Descartes says that we understand and learn through two things that God gives us. In order to make perfect decisions or the right conclusions we must be clear and distinct in what we decide. Clear refers to something that I cannot help but to take notice of, and distinct is something I
The fantasizing film Inception directed by Christopher Nolan opened up many doors for individual’s to understand the brain’s vulnerability to new ideas while they are dreaming. The main character, Cobb, and the rest of his team open up an individual’s mind while they are dreaming, through each level of consciousness. Inception helps a person better understand that the nature of reality is within a persons mind. Christopher Nolan created the perplex concept of inception through the five levels of consciousness throughout the entire film.
In addition to foundationalism proving that knowledge is built up from what we are certain of, idealism plays an important role of arguing that all reality is in the mind. Descartes’ argument for idealism explains how knowledge of reality is possible. He goes through the process of using an example like a pen and
John Locke thought that the ideas or perceptions which we have of objects in the world partially represent the objects as they are in themselves, and so whether they are being perceived. This view of Locke’s is called representative realism. The term realism refers to the view that objects are real or exist apart from perception. And representative means that some of our perceptions accurately represent an object as the thing which it is in itself apart from perception. Locke thought that only some of our ideas or perceptions are accurate representations of the object itself, and that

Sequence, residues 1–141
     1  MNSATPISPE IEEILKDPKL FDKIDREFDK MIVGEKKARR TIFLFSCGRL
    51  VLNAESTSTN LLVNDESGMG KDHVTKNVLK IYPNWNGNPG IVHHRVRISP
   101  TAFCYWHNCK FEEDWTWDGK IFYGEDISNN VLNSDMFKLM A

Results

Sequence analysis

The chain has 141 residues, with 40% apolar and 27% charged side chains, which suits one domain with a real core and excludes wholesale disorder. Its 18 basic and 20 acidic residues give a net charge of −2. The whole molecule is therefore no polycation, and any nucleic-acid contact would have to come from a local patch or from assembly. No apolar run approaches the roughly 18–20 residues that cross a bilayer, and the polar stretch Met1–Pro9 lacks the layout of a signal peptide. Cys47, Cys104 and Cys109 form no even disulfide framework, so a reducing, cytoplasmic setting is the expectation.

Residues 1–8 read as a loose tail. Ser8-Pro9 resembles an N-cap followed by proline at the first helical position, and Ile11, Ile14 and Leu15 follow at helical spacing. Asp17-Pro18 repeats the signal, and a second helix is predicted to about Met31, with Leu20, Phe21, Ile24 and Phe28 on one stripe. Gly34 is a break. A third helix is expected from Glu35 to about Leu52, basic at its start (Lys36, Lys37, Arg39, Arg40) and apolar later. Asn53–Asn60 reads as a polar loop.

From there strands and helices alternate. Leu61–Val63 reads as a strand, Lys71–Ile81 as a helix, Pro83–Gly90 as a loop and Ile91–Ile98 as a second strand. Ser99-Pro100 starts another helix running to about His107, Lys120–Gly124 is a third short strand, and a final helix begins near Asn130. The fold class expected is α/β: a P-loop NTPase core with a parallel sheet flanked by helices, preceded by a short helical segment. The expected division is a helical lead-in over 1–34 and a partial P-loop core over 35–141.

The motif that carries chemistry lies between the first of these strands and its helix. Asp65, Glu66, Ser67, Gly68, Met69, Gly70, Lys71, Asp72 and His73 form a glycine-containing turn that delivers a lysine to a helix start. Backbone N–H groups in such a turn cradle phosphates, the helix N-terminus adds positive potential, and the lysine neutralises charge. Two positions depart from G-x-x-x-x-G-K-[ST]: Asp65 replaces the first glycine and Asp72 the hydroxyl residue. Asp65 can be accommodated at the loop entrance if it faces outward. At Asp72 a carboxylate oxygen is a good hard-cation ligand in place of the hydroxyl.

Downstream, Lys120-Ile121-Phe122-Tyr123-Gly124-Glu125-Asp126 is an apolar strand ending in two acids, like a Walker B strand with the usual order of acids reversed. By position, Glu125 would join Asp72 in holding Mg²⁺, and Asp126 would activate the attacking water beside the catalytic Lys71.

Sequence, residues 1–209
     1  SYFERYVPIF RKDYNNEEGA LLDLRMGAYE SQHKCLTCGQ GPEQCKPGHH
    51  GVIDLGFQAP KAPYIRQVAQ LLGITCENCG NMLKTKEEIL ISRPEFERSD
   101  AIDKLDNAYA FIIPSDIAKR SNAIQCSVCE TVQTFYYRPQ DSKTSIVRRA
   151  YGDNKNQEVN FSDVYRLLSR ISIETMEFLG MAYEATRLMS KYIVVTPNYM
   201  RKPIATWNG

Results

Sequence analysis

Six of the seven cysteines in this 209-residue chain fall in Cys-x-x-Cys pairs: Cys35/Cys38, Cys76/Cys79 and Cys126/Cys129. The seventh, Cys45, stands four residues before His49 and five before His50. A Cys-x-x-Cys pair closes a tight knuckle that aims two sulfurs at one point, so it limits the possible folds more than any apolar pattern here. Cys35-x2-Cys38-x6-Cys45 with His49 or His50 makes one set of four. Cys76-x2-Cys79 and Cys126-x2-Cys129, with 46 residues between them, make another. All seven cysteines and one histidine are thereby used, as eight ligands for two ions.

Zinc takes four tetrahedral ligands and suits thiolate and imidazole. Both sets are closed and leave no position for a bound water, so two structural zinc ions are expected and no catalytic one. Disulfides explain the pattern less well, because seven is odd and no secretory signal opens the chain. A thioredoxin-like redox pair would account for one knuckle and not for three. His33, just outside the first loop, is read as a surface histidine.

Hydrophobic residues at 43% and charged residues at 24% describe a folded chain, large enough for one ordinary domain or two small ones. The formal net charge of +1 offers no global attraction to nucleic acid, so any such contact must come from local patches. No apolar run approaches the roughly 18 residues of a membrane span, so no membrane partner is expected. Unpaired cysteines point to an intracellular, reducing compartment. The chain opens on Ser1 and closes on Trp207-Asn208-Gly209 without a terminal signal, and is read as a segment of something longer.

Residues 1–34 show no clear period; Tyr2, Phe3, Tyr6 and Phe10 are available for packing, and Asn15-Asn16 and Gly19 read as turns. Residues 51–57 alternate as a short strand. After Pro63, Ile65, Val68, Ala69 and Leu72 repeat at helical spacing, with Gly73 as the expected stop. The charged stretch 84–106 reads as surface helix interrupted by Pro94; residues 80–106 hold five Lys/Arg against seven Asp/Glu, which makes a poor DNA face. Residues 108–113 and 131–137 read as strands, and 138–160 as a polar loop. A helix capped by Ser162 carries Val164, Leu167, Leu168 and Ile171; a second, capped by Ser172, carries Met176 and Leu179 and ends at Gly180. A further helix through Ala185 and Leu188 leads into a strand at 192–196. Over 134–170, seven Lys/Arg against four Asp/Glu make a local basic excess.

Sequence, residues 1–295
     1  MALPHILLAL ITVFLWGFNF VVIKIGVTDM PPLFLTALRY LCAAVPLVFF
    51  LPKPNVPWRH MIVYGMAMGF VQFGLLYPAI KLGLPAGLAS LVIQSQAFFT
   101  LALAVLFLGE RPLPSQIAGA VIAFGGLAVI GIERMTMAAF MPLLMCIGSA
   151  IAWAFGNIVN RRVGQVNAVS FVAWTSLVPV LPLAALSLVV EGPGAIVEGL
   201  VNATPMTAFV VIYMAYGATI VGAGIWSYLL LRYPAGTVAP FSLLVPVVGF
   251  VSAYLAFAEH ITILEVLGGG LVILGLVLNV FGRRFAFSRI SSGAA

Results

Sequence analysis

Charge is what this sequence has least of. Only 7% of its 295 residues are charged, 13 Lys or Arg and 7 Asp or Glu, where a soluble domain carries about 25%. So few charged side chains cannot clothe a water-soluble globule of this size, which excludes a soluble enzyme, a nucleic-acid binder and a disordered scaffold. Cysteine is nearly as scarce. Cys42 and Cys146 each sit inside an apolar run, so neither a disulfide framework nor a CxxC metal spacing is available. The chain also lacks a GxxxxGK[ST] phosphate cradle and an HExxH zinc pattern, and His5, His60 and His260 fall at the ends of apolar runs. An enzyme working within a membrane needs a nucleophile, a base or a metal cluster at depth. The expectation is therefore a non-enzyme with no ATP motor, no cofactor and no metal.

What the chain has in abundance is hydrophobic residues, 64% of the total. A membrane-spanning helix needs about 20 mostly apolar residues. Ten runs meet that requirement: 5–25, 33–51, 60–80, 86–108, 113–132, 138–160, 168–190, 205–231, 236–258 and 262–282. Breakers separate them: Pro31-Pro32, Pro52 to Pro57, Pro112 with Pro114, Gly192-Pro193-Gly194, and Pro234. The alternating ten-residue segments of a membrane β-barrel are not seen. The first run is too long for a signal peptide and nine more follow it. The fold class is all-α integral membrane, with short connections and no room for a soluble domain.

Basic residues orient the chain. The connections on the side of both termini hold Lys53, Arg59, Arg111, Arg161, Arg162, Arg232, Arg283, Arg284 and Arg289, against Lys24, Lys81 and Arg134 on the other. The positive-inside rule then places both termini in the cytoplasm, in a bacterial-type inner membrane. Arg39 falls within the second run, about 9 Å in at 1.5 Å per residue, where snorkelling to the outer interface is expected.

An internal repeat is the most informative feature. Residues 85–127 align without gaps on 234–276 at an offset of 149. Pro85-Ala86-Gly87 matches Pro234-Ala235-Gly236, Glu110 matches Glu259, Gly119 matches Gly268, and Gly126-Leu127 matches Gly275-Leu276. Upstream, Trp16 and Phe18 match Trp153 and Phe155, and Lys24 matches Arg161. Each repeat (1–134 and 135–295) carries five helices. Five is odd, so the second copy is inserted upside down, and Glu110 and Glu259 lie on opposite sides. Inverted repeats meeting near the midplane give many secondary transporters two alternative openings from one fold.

I believe that existence is comprised of hundreds and millions of different realities intermingling and colliding into one another. I also believe that at the center of each reality there lies the individual who crafted it. Our perception of what is real and false exists solely in our own minds, and our minds are what determines the lense in which we perceive the world. Our perception is largely influenced by our psyche; how we live and think stems from our perception of the world. Our brains are directly influenced by a number of key factors, including but not limited to; societal connotations, individual experience, instinctual desires, environmental factors, and cognitive thought. These factors, as well as other conditions, are what determine our “default setting.” In his noteable “This is Water” speech, given at the 2005 Kenyon Commencement Address, David Foster Wallace argues a similar idea as he explains his take on the phrase “teaching you how to think”. Through his use of relatable parables and anecdotes and repetition and reverent focus of words like “choice” and “awareness” he paints a livid picture of the use of conscious choice in our daily lives. He stresses the concept of a self centered “default setting” that comes from an individual's “blind certainty” and the repercussions that deferring to that default can have on an individual's lifestyle and fulfilment. If we are unable to recognise the water in which we dwell we will always remain unaware, stuck in an
Secondly, George Berkeley, a representational idealist, believes that knowledge comes from experience, but he perceives his thoughts in a different way then Locke. He doesn't believe that things from your senses can be reality. Berkeley believes that if our minds did not produce an idea, then God delivered and perceived his experiences to us, but he also says that empiricism and Christianity cannot be used together. We have a small role to play out and God makes sure that everything gets done. Berkeley was very mind dependent; he had faith that there is no world without a mind. With this in mind, he felt that all objects we encounter in experience are nothing more than mind-dependent collections of ideas. This is known as Esse est percipi, or "To be is to be perceived." He also believed that reality is nonphysical and everything that exists is either minds or the ideas they perceive.